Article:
Khamba said till the Imphal laboratory opened, the authorities did not know of the existence of multi drug-resistant TB cases in the state.

“Many TB patients died and we are now suspecting that they were died of the multi drug-resistant TB. Samples from other districts of Manipur will also start coming to the Imphal laboratory for testing,” he said.

He said because of high HIV/AIDS prevalence, the number of TB cases was high in the state.

The state government identified two rooms at the state-run Jawaharlal Nehru Institute of Medical Sciences here to develop it as a ward for patients with multi drug-resistant TB.

The ward will have 10 beds — five each for men and women. The duration of treatment is 28 months. The ward will start functioning by August this year.

“The detection of the nine cases is only the tip of the iceberg. We have reasons to believe that there are many cases of multi drug-resistance TB patients in Manipur as TB patients did not take medicines properly during the first line of treatment,” he said.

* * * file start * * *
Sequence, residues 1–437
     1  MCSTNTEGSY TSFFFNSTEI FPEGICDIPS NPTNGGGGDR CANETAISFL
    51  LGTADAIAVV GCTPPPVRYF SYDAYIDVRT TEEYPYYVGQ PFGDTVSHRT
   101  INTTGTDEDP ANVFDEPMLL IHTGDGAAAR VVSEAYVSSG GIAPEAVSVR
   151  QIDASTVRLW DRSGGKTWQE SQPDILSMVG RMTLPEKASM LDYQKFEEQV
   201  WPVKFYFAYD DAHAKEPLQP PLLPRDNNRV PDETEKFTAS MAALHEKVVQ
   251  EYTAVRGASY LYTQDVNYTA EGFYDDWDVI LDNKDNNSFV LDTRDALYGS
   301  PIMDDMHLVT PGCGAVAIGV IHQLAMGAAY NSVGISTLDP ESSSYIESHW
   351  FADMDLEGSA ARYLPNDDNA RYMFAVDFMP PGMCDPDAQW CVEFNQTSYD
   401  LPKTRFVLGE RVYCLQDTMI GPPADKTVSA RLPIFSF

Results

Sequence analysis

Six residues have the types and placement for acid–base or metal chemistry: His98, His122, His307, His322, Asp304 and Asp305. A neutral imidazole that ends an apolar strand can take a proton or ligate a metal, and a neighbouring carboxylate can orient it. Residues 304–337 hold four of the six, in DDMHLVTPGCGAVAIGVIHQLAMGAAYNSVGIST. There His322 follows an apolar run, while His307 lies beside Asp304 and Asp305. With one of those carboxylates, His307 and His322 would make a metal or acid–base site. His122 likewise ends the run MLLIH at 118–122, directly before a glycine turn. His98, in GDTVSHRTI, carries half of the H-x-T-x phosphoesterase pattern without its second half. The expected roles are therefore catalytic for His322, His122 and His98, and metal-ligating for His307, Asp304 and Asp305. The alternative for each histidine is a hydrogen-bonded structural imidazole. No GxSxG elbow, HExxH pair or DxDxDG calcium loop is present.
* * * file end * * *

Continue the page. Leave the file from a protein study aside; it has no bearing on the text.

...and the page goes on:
If a TB patient undergoes the first line of treatment properly, he would be cured and would not contact multi drug-resistant strain, experts said.

Dr K. Priyokumar, the nodal officer of the ART Centre of the Jawaharlal Nehru Hospital here, said TB was not a killer disease even if an HIV-infected person contracted it as secondary infection. “But it becomes a killer disease when the patient fails to follow the doctors’ advice or take the full course of the prescriptions and starts spreading drug-resistant TB to others. It is because of this reason that number of patients is increasing not only in Manipur but also in India,” the doctor said.

He said HIV-positive patients were vulnerable to TB because their immune system was very low. He said about 30 to 35 per cent of the HIV/AIDS patients coming for treatment to the hospital were infected by TB.